Graphic Witness: Hugo Gellert
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Hugo Gellert: Karl Marx' 'Capital' in Lithographs

page 15. PRIMARY ACCUMULATION
Origin of the industrial capitalist [2/5]


PRIMARY ACCUMULATION: Origin of the industrial capitalist

Writing of the Christian colonial system, W. Howitt, who makes a speciality of Christianity, says:
"The barbarities and desperate outrages of the so-called Christian race, throughout every region of the world, and upon every people they have been able to subdue, are not to be paralleled by those of any other race, however fierce, however untaught, and however reckless of mercy and of shame, in any age of the earth."

The history of the colonial administration of Holland, the model capitalist nation during the seventeenth century, "is one of the most extraordinary relations of treachery, bribery, massacre, and meanness." Especially characteristic was the system of kidnapping practiced at Celebes in order to secure slaves for use in Java. The kidnappers were carefully trained for the purpose. The chief agents in this nefarious trade were the actual thief, the interpreter, and the seller; the main purchasers were the native princes. The young people who were kidnapped were kept in the dungeons of Celebes until they were ready to be sent to the slave ships. According to an official report: "This one town of Macassar, e.g., is full of secret prisons, one more horrible than the other, crammed with unfortunates, victims of greed and tyranny, fettered in chains, forcibly torn from their families." Wishing to get possession of Malacca, the Dutch bribed the Portuguese governor of the town, promising to pay him the sum of £21,875 as the price of his treason. When he admitted them within the walls, in the year 1641, as per bargain, they hastened to his house and assassinated him, wishing to "abstain" from payment. Wherever they set foot, devastation and depopulation followed. In 1750, the population of Banjuwangi, a province in Java, was 80,000; by 1811, it had been reduced to 8000. Such are the sweets of commerce!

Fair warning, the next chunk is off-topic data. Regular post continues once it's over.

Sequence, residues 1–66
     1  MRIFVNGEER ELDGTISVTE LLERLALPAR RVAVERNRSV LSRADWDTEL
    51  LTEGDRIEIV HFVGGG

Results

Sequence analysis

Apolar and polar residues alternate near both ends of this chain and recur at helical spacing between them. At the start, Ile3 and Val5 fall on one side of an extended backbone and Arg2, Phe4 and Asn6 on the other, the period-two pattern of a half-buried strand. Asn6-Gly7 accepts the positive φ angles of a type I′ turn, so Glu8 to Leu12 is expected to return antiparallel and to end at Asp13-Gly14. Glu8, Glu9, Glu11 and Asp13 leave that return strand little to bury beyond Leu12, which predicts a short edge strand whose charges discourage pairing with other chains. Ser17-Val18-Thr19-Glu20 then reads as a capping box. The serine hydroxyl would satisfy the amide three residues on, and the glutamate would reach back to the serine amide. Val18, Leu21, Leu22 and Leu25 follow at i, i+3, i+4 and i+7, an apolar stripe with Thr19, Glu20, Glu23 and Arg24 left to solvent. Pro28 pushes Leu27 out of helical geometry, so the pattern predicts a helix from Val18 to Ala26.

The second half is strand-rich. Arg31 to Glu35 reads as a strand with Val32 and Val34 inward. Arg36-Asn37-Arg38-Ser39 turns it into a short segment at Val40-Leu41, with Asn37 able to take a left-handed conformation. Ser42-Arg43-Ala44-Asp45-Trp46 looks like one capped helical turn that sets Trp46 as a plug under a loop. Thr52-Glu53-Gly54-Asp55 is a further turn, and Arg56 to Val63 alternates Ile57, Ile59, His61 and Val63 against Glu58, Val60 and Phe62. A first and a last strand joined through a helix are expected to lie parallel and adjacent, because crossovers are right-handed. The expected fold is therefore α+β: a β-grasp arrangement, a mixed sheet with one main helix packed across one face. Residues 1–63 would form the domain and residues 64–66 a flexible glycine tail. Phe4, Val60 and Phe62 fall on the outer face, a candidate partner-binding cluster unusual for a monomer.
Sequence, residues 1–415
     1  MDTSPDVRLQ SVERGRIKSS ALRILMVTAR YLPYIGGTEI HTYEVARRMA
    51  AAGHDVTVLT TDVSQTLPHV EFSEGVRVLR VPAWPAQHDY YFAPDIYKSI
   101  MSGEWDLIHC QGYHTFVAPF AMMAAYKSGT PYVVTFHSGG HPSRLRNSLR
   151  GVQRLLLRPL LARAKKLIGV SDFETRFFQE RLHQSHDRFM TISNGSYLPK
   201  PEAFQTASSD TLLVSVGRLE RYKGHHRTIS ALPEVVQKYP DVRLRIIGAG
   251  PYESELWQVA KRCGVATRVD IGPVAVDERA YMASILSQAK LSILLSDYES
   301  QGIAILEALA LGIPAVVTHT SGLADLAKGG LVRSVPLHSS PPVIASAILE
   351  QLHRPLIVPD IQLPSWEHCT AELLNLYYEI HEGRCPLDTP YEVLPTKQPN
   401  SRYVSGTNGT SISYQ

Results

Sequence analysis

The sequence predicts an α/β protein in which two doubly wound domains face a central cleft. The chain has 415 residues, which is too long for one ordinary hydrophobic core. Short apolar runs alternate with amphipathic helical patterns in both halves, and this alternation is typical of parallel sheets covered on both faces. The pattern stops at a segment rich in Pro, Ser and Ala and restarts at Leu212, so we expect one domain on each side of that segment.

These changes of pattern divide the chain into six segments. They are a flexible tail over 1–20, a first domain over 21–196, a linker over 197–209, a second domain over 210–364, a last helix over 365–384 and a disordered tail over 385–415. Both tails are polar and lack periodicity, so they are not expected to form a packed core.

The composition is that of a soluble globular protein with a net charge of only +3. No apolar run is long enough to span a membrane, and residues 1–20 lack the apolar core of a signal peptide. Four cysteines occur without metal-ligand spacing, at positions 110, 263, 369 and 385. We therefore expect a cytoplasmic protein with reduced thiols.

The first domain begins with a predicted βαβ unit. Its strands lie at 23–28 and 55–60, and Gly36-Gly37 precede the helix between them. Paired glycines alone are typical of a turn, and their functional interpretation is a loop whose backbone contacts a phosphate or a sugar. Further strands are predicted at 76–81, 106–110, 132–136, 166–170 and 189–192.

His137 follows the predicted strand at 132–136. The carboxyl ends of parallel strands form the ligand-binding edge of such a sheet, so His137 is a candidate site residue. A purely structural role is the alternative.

The English East India Company, as is well known, was not only politically supreme in India, but had an exclusive monopoly of the tea trade, as of the China trade generally, and of the transport of goods to and from Europe. But the coasting trade of India and among the islands, and also the internal trade of India, were a monopoly of the higher officials of the company. The monopolies of salt, opium, betel, and other wares, were inexhaustible mines of wealth. The officials fixed the prices at their own sweet will, and fleeced the unhappy Hindus unmercifully. The governor-general took part in this private traffic. His favorites received contracts under conditions which enabled them, since they were cleverer than the alchemists, to make gold out of nothing. Great fortunes sprang up like mushrooms, primary accumulation going ahead without the original output of so much as a shilling. The report of the impeachment of Warren Hastings is peppered with instances. Here is one.

A contract for opium was given to a certain Sullivan when he was just setting out on an official mission to a part of India remote from the districts where opium was grown. He therefore sold his contract to a man named Binn for £40,000. The same day, Binn resold the contract for £60,000. The second buyer, who actually carried out the contract, deposed that he made vast profits. According to a list laid before parliament, the company and its employees received £6,000,000 from the natives of India as gifts between 1757 and 1766. In the years 1769 and 1770, the English brought about a famine by buying up all the rice and by refusing to sell it again except at fabulous prices.

The treatment of the aborigines was, naturally, worst in the plantations which were intended to serve only for export trade, such as the West Indies; and in rich and well populated countries, such as Mexico and India, which were delivered over to plunder. But even in the colonies properly so-called, primary accumulation was true to its Christian character. In 1703, the Puritans of New England, sober virtuosi of Protestantism, by a decree of their assembly, set a premium of £40 upon every Indian scalp and every captured redskin. In 1720, £100 was offered for every scalp. In 1744, when Massachusetts Bay denounced a particular tribe as rebels, the following prices were offered:
"For a scalp taken from a male of twelve years and upwards, £100 new currency; for a male prisoner, £106; for females and children taken prisoner, £50; for the scalps of squaws and children, £50."

A few decades later, the colonial system took vengeance on the offspring of the pious Pilgrim Fathers, who had now revolted against the land of their origin. At English instigation, they were tomahawked by mercenaries in English pay. The British parliament declared bloodhounds and scalping to be "means that God and nature has given into our hand."